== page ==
We embrace the timelessness and universal quality of Fidelio. It is a story of our living, changing world that never loses its ability to unite and work together with a sense of community – much like the members of the HGO Chorus.

See you at the opera!

Richard Bado, Chorus Master
Craig Kier, Assistant Chorus Master

Monday, October 17, 2011

Fideliosity - Week 3

This is the third post in a series which we hope will help you to get to know Beethoven’s rarely-performed Fidelio before you come to see it at HGO. Please let us know what you think by commenting on our Facebook page or leaving a comment on this post.

Fidelio – Synopsis, Act II

Alone in his cell, Florestan sings of his trust in God; he has a vision of Leonore (Gott! Welch Dunkel hier! …In des Lebens Frühlingstagen"- "God! What darkness here...In the spring of life"). He collapses and falls asleep.
Listen to Jonas Kaufmann – or to a great Florestan of the past, Jon Vickers.

Rocco and Leonore come to dig his grave. Florestan awakens and learns at last that he is in Pizarro's prison, he asks that a message be sent to his wife, Leonore, but Rocco says it's impossible. Florestan begs for water to drink, and Rocco tells Fidelio to give him some. Florestan does not recognize the disguised Leonore but tells her she will be rewarded in Heaven ("Euch werde Lohn in bessern Welten" - "You shall be rewarded in better worlds"). Under Rocco's watchful eye, Leonore gives Florestan a crust of bread.

Rocco sounds the alarm for Pizarro, and tells Leonore to leave, but instead she hides. Pizarro reveals his identity to Florestan, who accuses him of murder ("Er sterbe! Doch er soll erst wissen" - "Let him die! But first he should know"). Pizarro brandishes a dagger, and Leonore, leaping between him and Florestan, threatens to shoot Pizarro. A trumpet heralds the arrival of the minister, and Jaquino enters to announce that the minister is waiting. Rocco tells the soldiers to escort Governor Pizarro upstairs. Pizarro declares he will have revenge, and Rocco expresses his fear of what is to come ("Es schlägt der Rache Stunde" - "Revenge's bell tolls"). Florestan and Leonore sing a love duet ("O namenlose Freude!" - "O unnamed joy!").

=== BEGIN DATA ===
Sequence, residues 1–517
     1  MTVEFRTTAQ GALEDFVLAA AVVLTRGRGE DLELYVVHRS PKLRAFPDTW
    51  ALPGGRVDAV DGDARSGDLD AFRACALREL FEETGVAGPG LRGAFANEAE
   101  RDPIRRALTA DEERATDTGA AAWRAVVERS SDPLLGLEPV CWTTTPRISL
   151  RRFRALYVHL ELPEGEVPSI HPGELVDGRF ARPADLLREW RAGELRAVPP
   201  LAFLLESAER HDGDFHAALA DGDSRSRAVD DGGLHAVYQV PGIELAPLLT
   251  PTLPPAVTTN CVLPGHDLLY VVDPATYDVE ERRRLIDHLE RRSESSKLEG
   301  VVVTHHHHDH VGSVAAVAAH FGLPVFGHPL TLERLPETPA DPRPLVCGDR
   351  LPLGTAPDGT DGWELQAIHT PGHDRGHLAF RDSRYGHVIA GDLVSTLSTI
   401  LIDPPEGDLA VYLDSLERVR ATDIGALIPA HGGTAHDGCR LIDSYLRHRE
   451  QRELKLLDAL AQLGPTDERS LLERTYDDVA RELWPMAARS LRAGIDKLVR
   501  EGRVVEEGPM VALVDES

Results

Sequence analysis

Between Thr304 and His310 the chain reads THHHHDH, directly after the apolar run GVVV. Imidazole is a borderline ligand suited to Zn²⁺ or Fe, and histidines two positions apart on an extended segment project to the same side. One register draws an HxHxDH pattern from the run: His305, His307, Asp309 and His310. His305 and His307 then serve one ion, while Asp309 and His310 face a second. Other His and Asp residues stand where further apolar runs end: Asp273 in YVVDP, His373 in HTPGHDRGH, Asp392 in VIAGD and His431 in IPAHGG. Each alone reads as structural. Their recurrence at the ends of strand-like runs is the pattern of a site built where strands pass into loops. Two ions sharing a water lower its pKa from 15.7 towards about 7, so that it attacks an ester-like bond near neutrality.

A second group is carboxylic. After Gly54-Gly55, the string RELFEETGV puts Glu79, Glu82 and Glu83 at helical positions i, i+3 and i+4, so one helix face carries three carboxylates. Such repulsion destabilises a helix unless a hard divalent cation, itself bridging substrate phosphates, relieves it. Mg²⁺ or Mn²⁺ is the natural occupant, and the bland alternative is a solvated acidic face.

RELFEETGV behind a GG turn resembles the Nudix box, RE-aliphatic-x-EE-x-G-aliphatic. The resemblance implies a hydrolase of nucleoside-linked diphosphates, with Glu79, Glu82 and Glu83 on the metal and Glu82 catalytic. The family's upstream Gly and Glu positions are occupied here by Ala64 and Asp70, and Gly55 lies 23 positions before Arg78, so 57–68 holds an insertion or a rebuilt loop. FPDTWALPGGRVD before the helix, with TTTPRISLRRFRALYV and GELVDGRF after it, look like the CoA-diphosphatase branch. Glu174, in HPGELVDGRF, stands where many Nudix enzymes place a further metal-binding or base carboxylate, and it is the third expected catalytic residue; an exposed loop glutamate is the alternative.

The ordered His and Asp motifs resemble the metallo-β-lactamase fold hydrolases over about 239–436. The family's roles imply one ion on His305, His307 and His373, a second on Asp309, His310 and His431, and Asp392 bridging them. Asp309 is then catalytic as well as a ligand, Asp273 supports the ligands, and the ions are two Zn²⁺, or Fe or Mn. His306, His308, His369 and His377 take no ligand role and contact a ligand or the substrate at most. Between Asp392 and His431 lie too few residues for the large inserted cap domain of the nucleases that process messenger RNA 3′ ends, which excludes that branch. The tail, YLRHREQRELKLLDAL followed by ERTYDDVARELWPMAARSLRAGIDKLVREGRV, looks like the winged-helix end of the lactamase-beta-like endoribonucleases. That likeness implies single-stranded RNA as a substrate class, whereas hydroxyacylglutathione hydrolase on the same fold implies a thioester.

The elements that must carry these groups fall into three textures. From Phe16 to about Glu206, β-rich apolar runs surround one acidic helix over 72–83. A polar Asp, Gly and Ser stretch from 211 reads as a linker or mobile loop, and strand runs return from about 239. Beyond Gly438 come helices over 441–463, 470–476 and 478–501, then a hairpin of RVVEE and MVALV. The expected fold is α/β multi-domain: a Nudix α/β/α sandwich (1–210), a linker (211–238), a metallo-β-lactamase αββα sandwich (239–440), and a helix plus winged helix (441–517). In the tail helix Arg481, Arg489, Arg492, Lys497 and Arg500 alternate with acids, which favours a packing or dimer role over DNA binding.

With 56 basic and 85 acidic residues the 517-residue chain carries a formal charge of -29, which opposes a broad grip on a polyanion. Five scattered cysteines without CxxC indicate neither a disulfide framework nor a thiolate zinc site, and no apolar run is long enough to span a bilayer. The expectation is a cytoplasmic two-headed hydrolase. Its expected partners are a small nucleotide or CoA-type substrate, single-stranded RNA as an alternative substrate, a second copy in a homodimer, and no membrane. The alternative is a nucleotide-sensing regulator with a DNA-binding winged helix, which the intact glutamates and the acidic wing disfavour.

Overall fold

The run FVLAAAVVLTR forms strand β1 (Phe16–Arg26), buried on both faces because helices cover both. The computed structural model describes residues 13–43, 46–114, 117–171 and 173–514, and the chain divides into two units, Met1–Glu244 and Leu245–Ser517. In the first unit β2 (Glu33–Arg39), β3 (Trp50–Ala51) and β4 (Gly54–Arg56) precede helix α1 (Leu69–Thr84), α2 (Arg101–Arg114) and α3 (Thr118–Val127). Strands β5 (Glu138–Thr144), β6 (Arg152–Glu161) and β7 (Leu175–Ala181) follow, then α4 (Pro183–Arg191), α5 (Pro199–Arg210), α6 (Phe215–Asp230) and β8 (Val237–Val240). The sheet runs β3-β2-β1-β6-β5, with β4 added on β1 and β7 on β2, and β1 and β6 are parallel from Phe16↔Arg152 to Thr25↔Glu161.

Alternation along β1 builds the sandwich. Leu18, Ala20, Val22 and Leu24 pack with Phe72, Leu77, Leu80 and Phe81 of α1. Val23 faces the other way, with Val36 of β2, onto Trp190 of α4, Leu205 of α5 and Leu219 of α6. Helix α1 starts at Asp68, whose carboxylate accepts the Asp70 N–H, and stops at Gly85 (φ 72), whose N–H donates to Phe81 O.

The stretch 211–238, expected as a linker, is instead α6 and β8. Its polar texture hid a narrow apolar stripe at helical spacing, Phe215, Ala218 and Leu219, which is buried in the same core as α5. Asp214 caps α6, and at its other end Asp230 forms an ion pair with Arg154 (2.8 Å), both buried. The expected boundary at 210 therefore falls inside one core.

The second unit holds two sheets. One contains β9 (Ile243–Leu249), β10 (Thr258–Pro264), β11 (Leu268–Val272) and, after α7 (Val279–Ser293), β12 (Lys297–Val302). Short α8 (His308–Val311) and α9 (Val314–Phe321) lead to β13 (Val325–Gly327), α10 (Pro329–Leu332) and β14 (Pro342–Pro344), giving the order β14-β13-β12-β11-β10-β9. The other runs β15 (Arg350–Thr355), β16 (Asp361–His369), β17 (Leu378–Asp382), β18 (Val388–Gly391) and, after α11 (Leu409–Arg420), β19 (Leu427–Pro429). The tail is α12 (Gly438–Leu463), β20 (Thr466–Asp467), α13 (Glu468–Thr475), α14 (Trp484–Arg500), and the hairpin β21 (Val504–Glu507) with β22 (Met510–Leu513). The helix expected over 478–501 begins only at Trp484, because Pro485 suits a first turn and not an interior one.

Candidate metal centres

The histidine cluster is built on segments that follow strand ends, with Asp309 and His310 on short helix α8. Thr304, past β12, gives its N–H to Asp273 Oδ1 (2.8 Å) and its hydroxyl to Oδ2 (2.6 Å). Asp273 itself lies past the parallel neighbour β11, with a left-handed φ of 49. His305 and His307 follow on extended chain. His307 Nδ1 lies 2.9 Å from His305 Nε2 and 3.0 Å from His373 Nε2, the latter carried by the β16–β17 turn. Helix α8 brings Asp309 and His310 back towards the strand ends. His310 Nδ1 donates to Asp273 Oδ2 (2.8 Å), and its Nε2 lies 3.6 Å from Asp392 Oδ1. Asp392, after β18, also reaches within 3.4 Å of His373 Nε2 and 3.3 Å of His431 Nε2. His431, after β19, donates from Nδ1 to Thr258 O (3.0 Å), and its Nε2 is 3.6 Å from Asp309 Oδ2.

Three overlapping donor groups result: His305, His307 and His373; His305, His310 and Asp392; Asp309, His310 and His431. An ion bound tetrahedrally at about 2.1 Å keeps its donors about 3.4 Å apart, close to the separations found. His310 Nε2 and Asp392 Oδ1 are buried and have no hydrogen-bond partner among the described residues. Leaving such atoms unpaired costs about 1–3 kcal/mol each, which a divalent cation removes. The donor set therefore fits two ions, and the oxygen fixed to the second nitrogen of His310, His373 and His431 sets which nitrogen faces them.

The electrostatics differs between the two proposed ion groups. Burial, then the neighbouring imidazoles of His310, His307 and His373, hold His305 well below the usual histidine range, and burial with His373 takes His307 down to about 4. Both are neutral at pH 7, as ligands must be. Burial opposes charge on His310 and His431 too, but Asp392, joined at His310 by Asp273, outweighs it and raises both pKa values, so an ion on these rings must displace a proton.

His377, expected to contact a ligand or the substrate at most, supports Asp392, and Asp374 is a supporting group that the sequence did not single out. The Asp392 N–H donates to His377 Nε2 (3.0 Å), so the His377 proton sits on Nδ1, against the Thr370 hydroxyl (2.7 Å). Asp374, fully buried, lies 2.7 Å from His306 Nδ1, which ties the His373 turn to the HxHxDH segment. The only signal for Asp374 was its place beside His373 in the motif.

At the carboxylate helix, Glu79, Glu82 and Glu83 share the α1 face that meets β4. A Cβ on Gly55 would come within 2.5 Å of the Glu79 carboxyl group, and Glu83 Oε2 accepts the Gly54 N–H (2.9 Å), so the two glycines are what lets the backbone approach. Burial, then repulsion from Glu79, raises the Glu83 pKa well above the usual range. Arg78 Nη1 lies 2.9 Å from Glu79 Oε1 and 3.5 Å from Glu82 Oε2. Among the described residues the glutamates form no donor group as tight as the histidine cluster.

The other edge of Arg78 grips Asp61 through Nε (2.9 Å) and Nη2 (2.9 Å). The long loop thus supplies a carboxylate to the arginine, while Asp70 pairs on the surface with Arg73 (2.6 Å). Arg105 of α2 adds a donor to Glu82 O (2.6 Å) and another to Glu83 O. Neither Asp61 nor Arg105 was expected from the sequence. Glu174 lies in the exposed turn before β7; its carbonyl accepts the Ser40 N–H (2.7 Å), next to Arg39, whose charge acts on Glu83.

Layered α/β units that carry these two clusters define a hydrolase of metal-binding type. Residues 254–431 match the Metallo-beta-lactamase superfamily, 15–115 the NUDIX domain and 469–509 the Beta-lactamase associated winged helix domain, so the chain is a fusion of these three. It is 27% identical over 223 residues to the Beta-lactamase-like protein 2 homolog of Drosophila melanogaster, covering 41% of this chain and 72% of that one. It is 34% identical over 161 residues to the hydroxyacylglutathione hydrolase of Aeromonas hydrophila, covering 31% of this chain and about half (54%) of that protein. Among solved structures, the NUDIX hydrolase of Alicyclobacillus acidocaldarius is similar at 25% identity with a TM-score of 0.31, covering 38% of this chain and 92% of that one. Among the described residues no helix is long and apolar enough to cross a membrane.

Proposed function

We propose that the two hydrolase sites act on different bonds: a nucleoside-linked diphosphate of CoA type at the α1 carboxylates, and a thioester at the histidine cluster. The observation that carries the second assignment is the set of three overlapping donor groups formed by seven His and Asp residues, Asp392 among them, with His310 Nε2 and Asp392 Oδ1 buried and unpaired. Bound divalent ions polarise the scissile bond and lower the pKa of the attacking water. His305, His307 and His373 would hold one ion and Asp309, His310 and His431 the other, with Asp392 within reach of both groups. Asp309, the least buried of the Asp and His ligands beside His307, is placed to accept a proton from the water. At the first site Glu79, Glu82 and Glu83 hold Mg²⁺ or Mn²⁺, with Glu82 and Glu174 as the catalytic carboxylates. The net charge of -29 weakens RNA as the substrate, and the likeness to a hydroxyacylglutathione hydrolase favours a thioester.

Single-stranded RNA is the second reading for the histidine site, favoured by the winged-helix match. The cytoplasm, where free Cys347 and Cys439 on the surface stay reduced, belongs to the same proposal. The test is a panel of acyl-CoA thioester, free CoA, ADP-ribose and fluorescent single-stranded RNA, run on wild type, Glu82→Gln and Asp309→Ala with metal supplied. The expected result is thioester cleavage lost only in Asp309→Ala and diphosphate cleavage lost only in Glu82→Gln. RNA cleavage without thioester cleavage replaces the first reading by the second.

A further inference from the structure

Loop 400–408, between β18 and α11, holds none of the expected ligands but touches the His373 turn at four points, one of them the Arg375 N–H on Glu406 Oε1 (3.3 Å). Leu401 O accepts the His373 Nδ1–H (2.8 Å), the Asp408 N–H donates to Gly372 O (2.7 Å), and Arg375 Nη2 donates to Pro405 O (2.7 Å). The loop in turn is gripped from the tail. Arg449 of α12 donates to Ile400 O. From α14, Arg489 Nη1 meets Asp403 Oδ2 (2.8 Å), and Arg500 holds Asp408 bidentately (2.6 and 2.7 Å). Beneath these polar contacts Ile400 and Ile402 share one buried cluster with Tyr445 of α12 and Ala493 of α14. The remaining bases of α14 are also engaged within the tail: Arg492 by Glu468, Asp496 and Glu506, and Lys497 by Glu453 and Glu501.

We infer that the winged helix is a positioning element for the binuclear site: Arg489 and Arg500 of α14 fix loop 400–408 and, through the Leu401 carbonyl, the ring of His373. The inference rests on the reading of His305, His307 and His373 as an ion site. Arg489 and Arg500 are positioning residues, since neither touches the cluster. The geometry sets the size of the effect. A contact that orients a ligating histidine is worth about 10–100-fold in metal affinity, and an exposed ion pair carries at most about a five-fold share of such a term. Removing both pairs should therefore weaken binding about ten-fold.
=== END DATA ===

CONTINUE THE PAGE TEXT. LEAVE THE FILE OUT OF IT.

Out in the yard, the prisoners and townsfolk sing to the day and hour of justice ("Heil sei dem Tag!" - "Hail to the day!"). The minister, Don Fernando, announces that tyranny has ended. Rocco enters with Leonore and Florestan, and he asks Don Fernando to help them ("Wohlan, so helfet! Helft den Armen!" - "So help the poor ones!"). He explains how Leonore disguised herself as Fidelio to save her husband. Rocco describes Pizarro's murder plot, and Pizarro is led away to prison. Florestan is released from his chains by Leonore, and the crowd acclaims her ("Wer ein holdes Weib errungen'" - "Who has got a good wife").

Coming Next: Preparing the chorus, by Richard Bado and Craig Kier.

Monday, October 10, 2011

Fideliosity - Week 2

This is the second post in a series which we hope will help you to get to know Beethoven's rarely-performed Fidelio before you come to see it at HGO. Please let us know what you think by commenting on our Facebook page or leaving a comment on this post. Unless otherwise noted, links in the synopsis below lead to selections on YouTube that are taken from the Metropolitan Opera production by Jürgen Flimm, which opens at Houston Grand Opera on October 28, 2011.